Foreign Currency Futures and Options

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Compare and contrast foreign currency futures and options. Identify situations where you may choose one or the other.

When Barings Bank, the oldest merchant bank in London, collapsed in 1995 after one of the bank’s employees lost £827 million due to speculative investing, primarily in futures contracts, it illustrated the extreme danger and volatility of derivatives. Options and futures can be used to eliminate, reduce, hedge and manage risk, but can also be highly speculative.

Foreign currency futures are standardized contracts to buy or sell a specified commodity of standardized quantity at a certain date in the future and at a market-determined price.

Foreign currency options are contracts that give the option purchaser the right, but not the obligation, to buy/sell a specific amount of currency at a specified price, on or before the maturity date, and it also gives the option purchaser the right to decide later whether to buy/sell/exercise the option. There are two types of options: the call option, and the put option.

Call Option – give the purchaser a right to buy foreign currency Put Option - gives the purchaser the right to sell foreign currency

Similarities:
1. Both are derivative securities for future delivery/receipt.  Agree on price and quantity today for future settlement or delivery in 1 week to 10 years. 2. Both are used to hedge currency risk, interest rate risk or commodity price risk. 3. In principal they are very similar, used to accomplish the same goal of risk management.

The main fundamental difference between options and futures lies in the obligations they put on their buyers and sellers. An option gives the buyer the right, but not the obligation to buy (or sell) a certain asset at a specific price at any time during the life of the contract. A futures contract gives the buyer the obligation to purchase a specific asset, and the seller to sell and deliver that asset at a specific future date, unless the holder's position is closed prior to expiration.

Aside from commissions, an investor can enter into a futures contract with no upfront cost whereas buying an option requires the payment of a premium. Compared to the absence of upfront costs of futures, the option premium can be seen as the fee paid for the privilege of not being obligated to buy the underlying in the event of an adverse shift in prices. The premium is the maximum that a purchaser of an option can lose.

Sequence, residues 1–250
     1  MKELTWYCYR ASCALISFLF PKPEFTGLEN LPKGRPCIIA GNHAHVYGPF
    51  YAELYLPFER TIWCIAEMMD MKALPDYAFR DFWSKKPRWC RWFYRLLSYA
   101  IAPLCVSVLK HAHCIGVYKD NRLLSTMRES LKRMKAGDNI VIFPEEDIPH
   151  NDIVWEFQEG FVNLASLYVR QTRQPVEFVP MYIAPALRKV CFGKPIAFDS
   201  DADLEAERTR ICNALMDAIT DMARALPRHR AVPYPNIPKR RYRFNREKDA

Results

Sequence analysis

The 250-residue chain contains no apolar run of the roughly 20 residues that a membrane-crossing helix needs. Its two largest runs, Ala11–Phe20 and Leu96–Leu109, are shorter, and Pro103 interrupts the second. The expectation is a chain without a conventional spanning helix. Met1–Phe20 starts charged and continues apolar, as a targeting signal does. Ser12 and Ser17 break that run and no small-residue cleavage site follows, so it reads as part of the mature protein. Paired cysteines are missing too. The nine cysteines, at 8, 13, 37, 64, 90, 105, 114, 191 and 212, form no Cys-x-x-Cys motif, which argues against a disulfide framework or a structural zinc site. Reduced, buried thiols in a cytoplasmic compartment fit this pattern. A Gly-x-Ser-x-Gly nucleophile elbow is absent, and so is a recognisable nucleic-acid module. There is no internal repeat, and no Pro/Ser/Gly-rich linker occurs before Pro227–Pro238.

The final major difference between these two financial instruments is the way the gains are received by the parties. The gain on an option can be realized in the following three ways: exercising the option when it is deep in the money, going to the market and taking the opposite position, or waiting until expiry and collecting the difference between the asset price and the strike price. In contrast, gains on futures positions are automatically 'marked to market' daily, meaning the change in the value of the positions is attributed to the futures accounts of the parties at the end of every trading day - but a futures contract holder can realize gains also by going to the market and taking the opposite position.

Situation to use FUTURES CONTRACT:
Investors use futures contracts to hedge against foreign exchange risk. If an investor expects receipt of a cash-flow denominated in a foreign currency on some future date, that investor can lock in the current exchange rate by entering into an offsetting currency futures position that expires on the date of the cash-flow.

For example, an investor who will receive €1,000,000 on December 1, can lock in at the current exchange rate implied by the futures at $1.2/€ by selling €1,000,000 worth of futures contracts expiring on December 1. That way, she is guaranteed an exchange rate of $1.2/€ regardless of exchange rate fluctuations in the meantime.

Situation to use OPTIONS:
Corporations primarily use FX options to hedge uncertain future cash flows in a...
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